The cutting of the gear cable was symbolic, and marked the point of no return. After much agonising, it was time for the Orange 5 to go. Purchased back in 2007, it was the icon of a time before I’d discovered riding on the road.

The final nail in its coffin was the recent arrival of #N+1, another mud plugger and one which could not be more different from the Orange. However the big wheels and simplicity of Dale won the day, and made me realise that it was time.

As I stripped the bike down i remembered the great rides we’d enjoyed together, from crossing fells in Lancashire, to climbing the Wrekin. It wasn’t all good though, as the scar on my top lip reminds me daily.

With the parts now gradually making there way to new owners via the wonders of eBay I can only hope the bikes new owner(s) enjoy  it as much as I have.

Vive la Velo

Saturday, 12 April 2014

SCS On The Boards – Velodrome Report

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The Results Are In!

Cycling takes many forms, and this weekend we were fortunate enough to experience one of its more extreme variants, riding on an indoor Velodrome. No brakes, no gears, and no freewheeling, what could go wrong?
Two of our group had been before, but the rest were track virgins. Nervous laughter filled the air as we entered track centre as it dawned on us all what we were about to undertake. The steepness of the banking never ceases to amaze me; it’s something that the television doesn’t do justice. As the previous group’s session drew to a close it was time to meet Jodie, who would be our coach for our 2 hour track experience. Bikes selected, and faffage completed, Jodie briefed the group on the basics before getting us out on the track.
Lined up against the guard rail, I took a few moments to appreciate the bikes. Whilst most bikes are weighed down with all manner of componentry, the track version is perhaps its purist form. Quite beautiful; built without a single compromise, and utterly focussed on the task in hand.
Jodie started us off slowly, but we quickly graduated to the Cote D’Azur, the name given to the metre of so wide blue piece of the track which lies between the concrete track centre, and the track proper with its distinctive black, red, and blue lines.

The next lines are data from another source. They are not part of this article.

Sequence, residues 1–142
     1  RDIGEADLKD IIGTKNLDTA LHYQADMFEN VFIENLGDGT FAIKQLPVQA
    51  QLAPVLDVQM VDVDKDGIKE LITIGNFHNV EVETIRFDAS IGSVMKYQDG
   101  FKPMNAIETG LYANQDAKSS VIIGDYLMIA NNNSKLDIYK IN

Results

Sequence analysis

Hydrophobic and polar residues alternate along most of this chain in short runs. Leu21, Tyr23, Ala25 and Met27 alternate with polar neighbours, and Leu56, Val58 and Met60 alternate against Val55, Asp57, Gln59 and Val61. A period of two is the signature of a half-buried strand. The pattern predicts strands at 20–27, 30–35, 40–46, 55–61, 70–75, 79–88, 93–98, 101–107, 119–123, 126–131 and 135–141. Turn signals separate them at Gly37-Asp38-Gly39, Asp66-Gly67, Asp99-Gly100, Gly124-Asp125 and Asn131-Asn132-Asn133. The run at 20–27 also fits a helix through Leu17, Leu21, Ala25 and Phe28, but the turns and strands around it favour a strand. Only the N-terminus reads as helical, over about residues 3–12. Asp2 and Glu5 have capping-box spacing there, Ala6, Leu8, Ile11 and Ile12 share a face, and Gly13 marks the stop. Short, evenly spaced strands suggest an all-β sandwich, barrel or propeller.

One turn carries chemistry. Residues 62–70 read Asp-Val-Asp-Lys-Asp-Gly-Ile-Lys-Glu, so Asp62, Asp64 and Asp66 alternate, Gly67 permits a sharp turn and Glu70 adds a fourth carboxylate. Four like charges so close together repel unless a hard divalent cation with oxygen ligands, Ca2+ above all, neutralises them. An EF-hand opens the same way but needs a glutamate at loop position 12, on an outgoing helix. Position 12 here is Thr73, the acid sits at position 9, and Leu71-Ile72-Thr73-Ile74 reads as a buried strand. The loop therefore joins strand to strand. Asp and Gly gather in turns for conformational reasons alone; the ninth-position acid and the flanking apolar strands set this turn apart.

Our speed and confidence grew in equal measure as we made it up to the blue line and beyond, and it’s up here that the steepness of the track makes itself felt. Speed is the key to holding a high line, and I found it helpful to accelerate ever so slightly into the corners and to use the straights for an all too brief recovery. The novices of all but half an hour ago, were now riding the boards with confidence.
After a break for drinks Jodie put us through our paces with a couple of drills. The first saw us riding on the black, or sprinters line, as a group, and then taking a lap on the front before swinging up the track and re-joining at the back once everyone had passed. Looking down on the group below from high up on the banking is something else.
Our second drill saw us working as group again, this time circling the track high up on the blue line. On the whistle the front man dropped to the sprinters line and accelerated to gain a lap before re-joining the back of the group. All I can say is that this is much, much harder than it sounds, and really took its toll on me. However, the sight of the back of the group acted as a magnet, and offered that last incentive to bridge the gap.
A last break and the mood amongst the group was buoyant, and everyone was clearly enjoying the experience, even Spider. The sight of him out of the pedals, and control, as he weaved up and down the banking was the perfect reminder to not stop pedalling!